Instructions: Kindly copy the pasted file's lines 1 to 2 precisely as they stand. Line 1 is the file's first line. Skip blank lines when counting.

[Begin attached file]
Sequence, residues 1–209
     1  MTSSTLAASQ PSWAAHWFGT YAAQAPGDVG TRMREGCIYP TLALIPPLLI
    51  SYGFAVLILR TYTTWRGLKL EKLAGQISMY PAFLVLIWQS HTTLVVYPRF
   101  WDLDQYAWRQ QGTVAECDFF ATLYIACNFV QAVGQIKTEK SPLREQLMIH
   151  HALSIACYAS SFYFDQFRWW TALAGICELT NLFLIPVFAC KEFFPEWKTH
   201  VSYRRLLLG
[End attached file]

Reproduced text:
Sequence, residues 1–209
     1  MTSSTLAASQ PSWAAHWFGT YAAQAPGDVG TRMREGCIYP TLALIPPLLI